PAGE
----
Infestation on the eyebrows or eyelashes of a child may indicate sexual exposure or abuse.[6]

Characteristics and life cycle[edit]

Crab lice

Pubic lice (Pthirus pubis) have three stages: the egg (also called a nit), the nymph, and the adult. They can be hard to see and are found firmly attached to the hair shaft. They are oval and usually yellow to white. Pubic lice nits take about 6–10 days to hatch. The nymph is an immature louse that hatches from the nit (egg). A nymph looks like an adult pubic louse but it is smaller. Pubic lice nymphs take about 2–3 weeks after hatching to mature into adults capable of reproducing. To live, a nymph must feed on blood. The adult pubic louse resembles a miniature crab when viewed through a strong magnifying glass. Pubic lice have six legs; their two front legs are very large and look like the pincher claws of a crab—thus the nickname "crabs". Pubic lice are tan to grayish-white in color. Females lay nits and are usually larger than males.[6] To live, lice must feed on blood. If the louse falls off a person, it dies within 1–2 days. Eggs (nits) are laid on a hair shaft. Females will lay approximately 30 eggs during their 3–4 week life span. Eggs hatch after about a week and become nymphs, which look like smaller versions of the adults. The nymphs undergo three molts before becoming adults. Adults are 1.5–2.0 mm long and flattened. They are much broader in comparison to head and body lice. Adults are found only on the human host and require human blood to survive. Pubic lice are transmitted from person to person most-commonly via sexual contact, although fomites (bedding, clothing) may play a minor role in their transmission.[4][12]


Diagnosis is made by carefully looking at the pubic hair for nits, young lice and adult lice.[4] Lice and nits can be removed either with forceps or by cutting the infested hair with scissors (with the exception of an infestation of the eye area).[5] A magnifying glass, dermatoscope or a stereo-microscope can be used for identification.[2][5] Testing for other sexually transmitted infections is recommended in those who are infested with pubic lice.[4]


Pediculosis pubis is an infestation by the pubic louse, Pthirus pubis, a wingless insect which feeds on blood and lays its eggs (nits) on mainly pubic hair. Less commonly, hair near the anus, armpit, beard, eyebrows, moustache, and eyelashes may be involved.[1][2][3] Although the presence of pubic lice is associated with the presence of other sexually transmitted diseases, pubic lice do not spread infectious diseases.[13]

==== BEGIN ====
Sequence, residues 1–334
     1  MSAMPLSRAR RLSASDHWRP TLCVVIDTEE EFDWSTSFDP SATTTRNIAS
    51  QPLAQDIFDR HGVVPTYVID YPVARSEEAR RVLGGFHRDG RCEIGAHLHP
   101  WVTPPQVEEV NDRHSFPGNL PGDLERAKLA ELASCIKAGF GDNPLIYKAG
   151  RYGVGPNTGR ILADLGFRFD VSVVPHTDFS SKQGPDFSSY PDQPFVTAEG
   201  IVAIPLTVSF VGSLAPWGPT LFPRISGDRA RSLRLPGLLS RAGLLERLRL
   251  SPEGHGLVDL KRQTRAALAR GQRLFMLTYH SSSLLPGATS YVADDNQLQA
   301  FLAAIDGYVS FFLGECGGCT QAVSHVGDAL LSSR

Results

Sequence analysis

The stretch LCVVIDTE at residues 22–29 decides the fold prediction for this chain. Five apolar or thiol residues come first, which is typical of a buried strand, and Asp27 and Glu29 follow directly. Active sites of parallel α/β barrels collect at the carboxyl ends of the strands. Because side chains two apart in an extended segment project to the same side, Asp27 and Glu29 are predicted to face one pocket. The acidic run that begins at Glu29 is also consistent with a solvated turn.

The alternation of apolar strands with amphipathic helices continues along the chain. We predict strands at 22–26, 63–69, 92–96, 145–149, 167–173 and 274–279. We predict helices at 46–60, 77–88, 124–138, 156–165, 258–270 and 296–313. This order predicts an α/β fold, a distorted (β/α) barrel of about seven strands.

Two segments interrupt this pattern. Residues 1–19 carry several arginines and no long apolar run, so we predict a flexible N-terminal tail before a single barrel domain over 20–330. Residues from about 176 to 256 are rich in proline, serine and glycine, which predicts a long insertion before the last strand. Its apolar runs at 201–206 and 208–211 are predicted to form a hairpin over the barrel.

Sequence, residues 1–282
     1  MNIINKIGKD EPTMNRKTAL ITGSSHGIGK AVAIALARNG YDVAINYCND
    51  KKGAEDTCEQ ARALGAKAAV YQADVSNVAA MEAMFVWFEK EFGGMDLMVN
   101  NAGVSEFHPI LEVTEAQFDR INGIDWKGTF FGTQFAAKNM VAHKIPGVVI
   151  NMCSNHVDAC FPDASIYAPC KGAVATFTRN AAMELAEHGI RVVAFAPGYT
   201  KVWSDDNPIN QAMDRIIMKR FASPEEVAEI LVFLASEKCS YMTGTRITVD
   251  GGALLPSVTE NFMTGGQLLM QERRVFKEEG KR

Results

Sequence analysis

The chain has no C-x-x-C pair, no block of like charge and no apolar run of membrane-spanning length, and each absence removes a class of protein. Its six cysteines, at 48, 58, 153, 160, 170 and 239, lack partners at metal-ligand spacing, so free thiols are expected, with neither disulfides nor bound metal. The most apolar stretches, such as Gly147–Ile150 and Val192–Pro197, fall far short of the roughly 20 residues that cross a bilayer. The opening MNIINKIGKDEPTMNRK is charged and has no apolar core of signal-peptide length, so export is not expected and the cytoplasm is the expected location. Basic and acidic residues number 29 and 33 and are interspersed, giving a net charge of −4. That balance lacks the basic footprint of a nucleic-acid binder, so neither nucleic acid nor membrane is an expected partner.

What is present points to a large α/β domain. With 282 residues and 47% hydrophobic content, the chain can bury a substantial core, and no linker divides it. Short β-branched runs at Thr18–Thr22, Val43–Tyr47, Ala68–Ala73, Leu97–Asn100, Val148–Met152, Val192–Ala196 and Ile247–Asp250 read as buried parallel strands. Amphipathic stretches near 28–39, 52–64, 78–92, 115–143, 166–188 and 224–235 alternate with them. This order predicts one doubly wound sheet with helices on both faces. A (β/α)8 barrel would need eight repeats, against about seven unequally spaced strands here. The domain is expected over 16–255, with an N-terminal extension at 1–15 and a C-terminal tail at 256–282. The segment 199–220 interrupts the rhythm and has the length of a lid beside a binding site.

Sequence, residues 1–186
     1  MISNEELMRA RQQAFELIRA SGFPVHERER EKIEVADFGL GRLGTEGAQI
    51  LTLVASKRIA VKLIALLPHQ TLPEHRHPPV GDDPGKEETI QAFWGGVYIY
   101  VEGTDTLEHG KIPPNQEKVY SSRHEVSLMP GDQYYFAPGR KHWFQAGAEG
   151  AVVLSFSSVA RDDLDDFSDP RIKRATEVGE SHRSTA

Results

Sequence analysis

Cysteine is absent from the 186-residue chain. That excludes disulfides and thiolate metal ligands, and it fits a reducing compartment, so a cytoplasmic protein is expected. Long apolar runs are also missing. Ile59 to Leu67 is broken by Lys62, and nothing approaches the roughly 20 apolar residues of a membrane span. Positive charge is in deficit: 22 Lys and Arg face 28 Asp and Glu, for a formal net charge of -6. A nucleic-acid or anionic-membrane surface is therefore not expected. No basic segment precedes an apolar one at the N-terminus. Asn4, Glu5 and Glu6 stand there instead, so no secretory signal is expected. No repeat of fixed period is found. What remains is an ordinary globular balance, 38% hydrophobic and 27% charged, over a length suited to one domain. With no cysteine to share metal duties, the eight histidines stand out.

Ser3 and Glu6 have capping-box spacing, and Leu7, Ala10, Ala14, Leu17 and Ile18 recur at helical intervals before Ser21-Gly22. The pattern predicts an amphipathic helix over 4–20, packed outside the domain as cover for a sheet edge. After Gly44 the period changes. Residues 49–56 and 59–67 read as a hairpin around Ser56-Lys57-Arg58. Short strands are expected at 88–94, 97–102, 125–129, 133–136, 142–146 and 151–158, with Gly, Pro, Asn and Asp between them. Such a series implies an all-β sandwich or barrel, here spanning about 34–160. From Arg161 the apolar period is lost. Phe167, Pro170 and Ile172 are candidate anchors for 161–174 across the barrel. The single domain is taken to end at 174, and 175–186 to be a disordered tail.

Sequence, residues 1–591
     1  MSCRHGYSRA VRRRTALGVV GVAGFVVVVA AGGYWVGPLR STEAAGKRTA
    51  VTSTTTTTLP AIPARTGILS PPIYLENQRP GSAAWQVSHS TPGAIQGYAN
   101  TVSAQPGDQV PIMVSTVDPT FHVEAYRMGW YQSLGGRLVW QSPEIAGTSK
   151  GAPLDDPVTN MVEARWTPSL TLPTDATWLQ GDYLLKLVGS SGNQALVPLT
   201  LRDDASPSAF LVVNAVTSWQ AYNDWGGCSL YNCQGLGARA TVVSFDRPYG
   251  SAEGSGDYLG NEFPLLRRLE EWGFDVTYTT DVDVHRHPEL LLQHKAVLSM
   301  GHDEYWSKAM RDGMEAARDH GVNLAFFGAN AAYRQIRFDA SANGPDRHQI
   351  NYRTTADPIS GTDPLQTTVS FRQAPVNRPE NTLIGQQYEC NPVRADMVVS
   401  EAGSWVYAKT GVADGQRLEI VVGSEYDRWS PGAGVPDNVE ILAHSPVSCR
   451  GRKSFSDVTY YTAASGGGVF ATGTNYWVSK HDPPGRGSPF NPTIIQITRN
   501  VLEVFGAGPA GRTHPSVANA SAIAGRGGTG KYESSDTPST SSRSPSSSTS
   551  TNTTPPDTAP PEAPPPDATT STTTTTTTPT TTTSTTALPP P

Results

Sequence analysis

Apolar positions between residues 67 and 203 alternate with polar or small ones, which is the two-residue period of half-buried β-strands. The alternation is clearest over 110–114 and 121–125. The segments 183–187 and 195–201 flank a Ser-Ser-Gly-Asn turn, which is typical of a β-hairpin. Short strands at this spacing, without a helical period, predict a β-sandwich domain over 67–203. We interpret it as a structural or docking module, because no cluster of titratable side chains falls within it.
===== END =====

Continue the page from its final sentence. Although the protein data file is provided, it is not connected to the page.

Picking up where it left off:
Pubic lice can be treated at home. Available treatments may vary from country to country and include mainly permethrin-containing creams and lotions applied to cool dry skin or applying dimethicone-based oils.[2]

Treatment with medication is combined with combing pubic hair with a fine-toothed comb after applying vinegar directly to skin or dipping the comb in vinegar, to remove nits.[1][3] It is recommended to wash bedding, clothing and towels in hot water or preferably in a washing machine at 50°C or higher. When this is not possible, the clothing can be stored in a sealed plastic bag for at least three days.[2][14] Re-infestation can be prevented by wearing clean underwear at the start of treatment and after completing treatment.[2] Shaving the affected hair is not essential.[2]

First line[edit]

Nit comb

At first, treatment is usually with topical permethrin 1% cream, which can be bought over the counter without a prescription. It is applied to the areas affected by pubic lice and washed off after 10 minutes.[6] Brands of permethrin include 'Lyclear', available in the UK as a creme rinse or dermal cream at 5% strengths.[15][16] In the US, common permethrin brands include NIX, Actin and Elimite.[17]